The fall in output can primarily be attributed to lesser number of functioning mills. Last year, while 84 mills were crushing sugarcane, only 78 mills started crushing operatioins this year till November 26.
There are 124 sugar mills in Uttar Pradesh, of which 78 have started operations. Of these 78 mills, 65 are privately owned and 13 are run by the Uttar Pradesh State Sugar Cooperative Federation.
According to industry experts, of these 78 mills, half of them have started operations last week and it takes a few days for the mills to stabilise production. The factory owners are in no hurry to start crushing operations as the sugar recovery improves only if the cane matures properly. Farmers, on other hand, were also waiting for the festive season to get over before they get down to the harvesting business. Now, the business is expected to pick up, said Sudhir Panwar, a farmer leader and professor of Lucknow University.
However, flip side of this delay for the industry, feel others, is the probabity that cane may get diverted to the unorganised sector. The unorganised sector, comprising of kolhus, crushers and khandsari units usually take advantage of the delay in announcing cane price. And for all those farmers who are unable to wait longer for the mills to start operations and are in desperate need of money, the only option is to go to these units and sell their crop at a lower price, said a source in the industry requesting anonymity.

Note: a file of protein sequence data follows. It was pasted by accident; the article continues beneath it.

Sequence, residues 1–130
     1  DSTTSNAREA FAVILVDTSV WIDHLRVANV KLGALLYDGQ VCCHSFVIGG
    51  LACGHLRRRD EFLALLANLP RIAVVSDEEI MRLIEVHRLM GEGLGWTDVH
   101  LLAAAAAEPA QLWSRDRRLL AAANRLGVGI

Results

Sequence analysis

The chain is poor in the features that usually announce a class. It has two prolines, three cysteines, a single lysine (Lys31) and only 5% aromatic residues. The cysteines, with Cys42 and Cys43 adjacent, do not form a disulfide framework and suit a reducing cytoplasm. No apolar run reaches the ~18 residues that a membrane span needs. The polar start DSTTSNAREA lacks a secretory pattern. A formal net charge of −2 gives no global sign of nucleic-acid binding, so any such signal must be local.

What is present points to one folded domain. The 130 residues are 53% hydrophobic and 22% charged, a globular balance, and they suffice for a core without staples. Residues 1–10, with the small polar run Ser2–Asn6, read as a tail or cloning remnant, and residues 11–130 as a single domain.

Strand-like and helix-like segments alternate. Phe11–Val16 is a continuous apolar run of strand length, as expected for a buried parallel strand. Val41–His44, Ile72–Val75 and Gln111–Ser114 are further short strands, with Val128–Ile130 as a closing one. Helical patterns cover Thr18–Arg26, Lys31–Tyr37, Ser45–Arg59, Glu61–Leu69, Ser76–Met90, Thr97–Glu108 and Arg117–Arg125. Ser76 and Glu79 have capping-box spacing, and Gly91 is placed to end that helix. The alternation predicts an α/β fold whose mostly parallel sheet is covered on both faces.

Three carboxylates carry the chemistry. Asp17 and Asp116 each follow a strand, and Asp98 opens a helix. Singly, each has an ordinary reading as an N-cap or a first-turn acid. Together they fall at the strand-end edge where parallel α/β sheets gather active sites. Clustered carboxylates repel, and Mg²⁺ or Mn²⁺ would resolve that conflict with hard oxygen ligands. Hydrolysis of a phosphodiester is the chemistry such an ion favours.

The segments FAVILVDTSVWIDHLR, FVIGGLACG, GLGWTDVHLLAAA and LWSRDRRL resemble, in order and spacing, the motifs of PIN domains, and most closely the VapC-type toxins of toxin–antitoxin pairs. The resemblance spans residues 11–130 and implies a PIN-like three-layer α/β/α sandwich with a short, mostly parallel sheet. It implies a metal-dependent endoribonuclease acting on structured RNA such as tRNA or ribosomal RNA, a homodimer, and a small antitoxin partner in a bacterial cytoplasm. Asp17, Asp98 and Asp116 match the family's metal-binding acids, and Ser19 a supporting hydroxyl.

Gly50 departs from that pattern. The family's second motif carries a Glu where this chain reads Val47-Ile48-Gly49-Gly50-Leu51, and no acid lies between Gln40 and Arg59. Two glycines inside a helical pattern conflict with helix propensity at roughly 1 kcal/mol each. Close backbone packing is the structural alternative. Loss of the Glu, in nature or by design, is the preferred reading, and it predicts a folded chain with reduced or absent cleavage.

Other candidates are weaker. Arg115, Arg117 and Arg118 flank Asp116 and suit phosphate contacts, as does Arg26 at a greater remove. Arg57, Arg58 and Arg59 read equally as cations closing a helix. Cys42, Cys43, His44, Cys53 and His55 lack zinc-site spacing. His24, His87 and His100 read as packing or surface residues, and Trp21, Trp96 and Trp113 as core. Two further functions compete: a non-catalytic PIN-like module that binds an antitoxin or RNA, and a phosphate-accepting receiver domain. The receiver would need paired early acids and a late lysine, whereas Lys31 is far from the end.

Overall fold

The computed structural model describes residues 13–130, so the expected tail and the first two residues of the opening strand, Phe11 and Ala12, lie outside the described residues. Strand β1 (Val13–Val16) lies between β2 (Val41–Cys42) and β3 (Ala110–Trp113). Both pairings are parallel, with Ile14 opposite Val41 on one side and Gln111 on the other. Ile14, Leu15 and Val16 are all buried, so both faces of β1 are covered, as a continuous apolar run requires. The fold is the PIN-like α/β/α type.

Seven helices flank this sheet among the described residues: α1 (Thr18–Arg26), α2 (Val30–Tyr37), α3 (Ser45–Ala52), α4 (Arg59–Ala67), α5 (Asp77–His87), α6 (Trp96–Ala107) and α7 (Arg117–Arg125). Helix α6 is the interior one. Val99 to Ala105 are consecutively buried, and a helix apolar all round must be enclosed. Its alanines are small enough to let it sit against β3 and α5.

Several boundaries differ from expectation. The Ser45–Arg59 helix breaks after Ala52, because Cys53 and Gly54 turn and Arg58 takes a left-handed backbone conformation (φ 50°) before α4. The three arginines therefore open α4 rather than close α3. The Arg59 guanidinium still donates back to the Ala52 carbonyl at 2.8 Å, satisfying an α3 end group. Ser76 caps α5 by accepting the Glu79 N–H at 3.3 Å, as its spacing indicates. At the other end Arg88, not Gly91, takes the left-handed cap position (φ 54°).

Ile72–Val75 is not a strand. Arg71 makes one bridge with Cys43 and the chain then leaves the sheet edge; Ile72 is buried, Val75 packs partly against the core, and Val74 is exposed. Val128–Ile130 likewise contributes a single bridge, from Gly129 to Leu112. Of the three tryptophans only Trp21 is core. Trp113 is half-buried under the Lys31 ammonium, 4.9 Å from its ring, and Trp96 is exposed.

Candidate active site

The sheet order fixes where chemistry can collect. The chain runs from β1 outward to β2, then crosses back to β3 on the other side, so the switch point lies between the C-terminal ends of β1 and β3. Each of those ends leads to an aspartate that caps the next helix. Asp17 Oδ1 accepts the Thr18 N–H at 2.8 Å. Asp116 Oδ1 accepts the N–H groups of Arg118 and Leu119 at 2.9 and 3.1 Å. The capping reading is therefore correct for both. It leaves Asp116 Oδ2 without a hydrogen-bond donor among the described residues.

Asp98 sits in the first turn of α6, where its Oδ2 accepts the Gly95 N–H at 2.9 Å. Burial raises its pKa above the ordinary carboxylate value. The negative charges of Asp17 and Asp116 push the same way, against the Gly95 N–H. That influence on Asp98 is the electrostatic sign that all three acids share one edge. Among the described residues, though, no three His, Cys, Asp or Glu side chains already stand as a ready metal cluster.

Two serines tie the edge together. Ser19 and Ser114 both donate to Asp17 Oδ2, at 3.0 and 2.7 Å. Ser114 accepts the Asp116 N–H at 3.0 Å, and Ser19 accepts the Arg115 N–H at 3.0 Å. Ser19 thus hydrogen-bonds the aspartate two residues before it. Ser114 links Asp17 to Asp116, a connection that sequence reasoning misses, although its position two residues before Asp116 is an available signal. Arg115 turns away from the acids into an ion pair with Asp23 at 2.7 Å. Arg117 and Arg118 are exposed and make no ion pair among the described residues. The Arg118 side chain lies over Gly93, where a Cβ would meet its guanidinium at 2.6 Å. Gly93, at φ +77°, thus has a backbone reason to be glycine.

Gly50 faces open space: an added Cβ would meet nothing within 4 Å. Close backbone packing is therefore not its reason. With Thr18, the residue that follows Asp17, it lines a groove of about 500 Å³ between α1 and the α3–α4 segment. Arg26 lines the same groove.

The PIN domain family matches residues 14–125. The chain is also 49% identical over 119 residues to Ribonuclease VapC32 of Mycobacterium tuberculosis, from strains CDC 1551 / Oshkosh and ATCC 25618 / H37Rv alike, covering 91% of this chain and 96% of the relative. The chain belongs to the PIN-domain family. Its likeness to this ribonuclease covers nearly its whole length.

While the incidence of diversion is less this year as farmers are expecting SAP in the region of Rs 300, crushers and kolhus are offering only R180-220 for every quintal of cane. Last year, the drawal by the gur and juice segment was 45% as they started early in October, while sugar mills started crushing in November. This year, too, the competition between sugar mills and gur and khandsari units will be stiff, with each wanting to eat into the others pie. Already these cottage units have pledged sugarcane growers an instant payment of Rs 180-220 per quintal, while mill owners are waiting for the state government to declare the state advised price (SAP)," said a source.
By starting late, millers are unnecessarily allowing the unorganised sector to make inroads into cane availabilty. As it is, none of the mills have enough cane to last them the entire season and most of the time they are running the mills on around 70% capacity only due to shortage of cane, said the source.